Sunday, October 21 - Potsdam
left early for Potsdam and Schloss Sanssouci, a wise precaution
since we missed the worst Sunday crowds that way. "Sanssouci
is the former summer palace of Frederick the Great, King of Prussia
at Potsdam, just outside Berlin. It is often counted among the German
rivals of Versailles although Sanssouci is in the more intimate
Rococo style and is far smaller than its French Baroque counterpart.
The palace was built between 1745 and 1747 to fulfill Frederick's
need for a private residence where he could relax away from the
pomp and ceremony of the Berlin court. It was a place for relaxation
rather than a seat of power. The palace is little more than a large
single-storey villa containing just ten principal rooms, it was
built on the brow of a terraced hill at the canter of the park.
first saw a windmill that survived form the previous farmland due
to a stubborn farmer. Then we went up on the state entrance side
of the palace where there is a wide plaza with a semicircular colonnade.
Then we had a tour of the interior, but photographs were not permitted.
As usual the rooms were intended to increase in decoration as they
approached the center room where Frederick would be located. One
did not fit the rococo pattern, being the one he died in, which
was then ruined by his 22 dogs. That was redecorated in another
style by his heir.
the tour we went on the other side of the palace to see the graves
of his dogs and this gave us a good view of the other entrance and
facade. After that we went on a long bus ride around the whole palace
complex seeing a few of the buildings but from a distance. Apparently
it was a policy of German royalty never to be satisfied with previous
royal housing and to construct their own palace. Even minor royalty
did this, as we saw when we continued aroused the city of Potsdam
and its environs.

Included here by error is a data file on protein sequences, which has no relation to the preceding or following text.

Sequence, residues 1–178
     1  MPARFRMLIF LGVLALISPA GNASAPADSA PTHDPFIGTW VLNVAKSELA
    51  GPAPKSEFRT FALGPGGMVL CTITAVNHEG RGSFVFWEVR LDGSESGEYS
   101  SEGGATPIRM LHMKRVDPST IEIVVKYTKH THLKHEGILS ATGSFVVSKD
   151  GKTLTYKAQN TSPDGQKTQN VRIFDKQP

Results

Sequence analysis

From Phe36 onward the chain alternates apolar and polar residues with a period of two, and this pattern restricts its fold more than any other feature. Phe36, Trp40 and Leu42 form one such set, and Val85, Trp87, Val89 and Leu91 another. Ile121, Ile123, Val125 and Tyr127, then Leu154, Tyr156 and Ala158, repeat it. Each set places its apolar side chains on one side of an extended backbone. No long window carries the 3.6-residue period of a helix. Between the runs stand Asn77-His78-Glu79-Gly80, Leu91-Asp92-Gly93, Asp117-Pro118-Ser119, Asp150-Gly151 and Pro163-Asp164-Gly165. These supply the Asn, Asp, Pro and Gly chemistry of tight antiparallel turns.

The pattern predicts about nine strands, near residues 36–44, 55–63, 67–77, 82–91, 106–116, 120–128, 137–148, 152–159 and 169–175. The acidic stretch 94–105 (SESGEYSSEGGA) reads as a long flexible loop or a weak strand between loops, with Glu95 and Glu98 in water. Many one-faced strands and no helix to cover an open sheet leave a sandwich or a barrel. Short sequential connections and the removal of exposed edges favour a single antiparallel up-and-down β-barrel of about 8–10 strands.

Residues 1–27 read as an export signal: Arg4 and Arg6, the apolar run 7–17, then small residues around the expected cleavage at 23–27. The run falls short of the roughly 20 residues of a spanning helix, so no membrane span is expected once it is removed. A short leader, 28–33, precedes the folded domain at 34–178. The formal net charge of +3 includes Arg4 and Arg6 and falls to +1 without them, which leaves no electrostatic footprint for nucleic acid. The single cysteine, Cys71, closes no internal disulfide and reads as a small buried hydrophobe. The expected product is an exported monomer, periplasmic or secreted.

stopped next at Schloss
Cecilienhof, the last palace built by the Hohenzollern dynasty.
It was erected 1914-1917 for Crown Prince Wilhelm and his wife.The
architect emulated the English Tudor style, quite a change form
what we had been seeing. From 17th of July to 2nd of August 1945
the Potsdam Conference negotiations between the victorious Allies
of World War II were held here. We had a tour of the interior and
it was quite interesting
we went on to the Wannsee district which is basically a resort community.
However there we paused to look at the house that had been owned
by the notorious Nazi Reinhard Heydrich and was the site of the
infamous Wannsee conference. The Wannsee Conference was a meeting
of senior officials of the Nazi German regime on January 20, 1942.
The purpose of the conference was to inform senior Nazis and senior
Governmental administrators of plans for the "Final solution to
the Jewish question." (See the movie Conspiracy.)
at the hotel we had an independent lunch at the hotel and then went
out on our free afternoon to see a tourist attraction on the Kurfurstendamm
called "The Story of Berlin." It was quite large and informative,
but not really very well done. We spent a good bit of time there
but finally gave up and fled for a short rest. After dinner in a
nearby restaurant we were taken to the new Philharmonie Hall for
a concert by the Deutsches Symphonie Orchester Berlin. An interesting
building and a pleasant concert of music by Schumann, Schubert and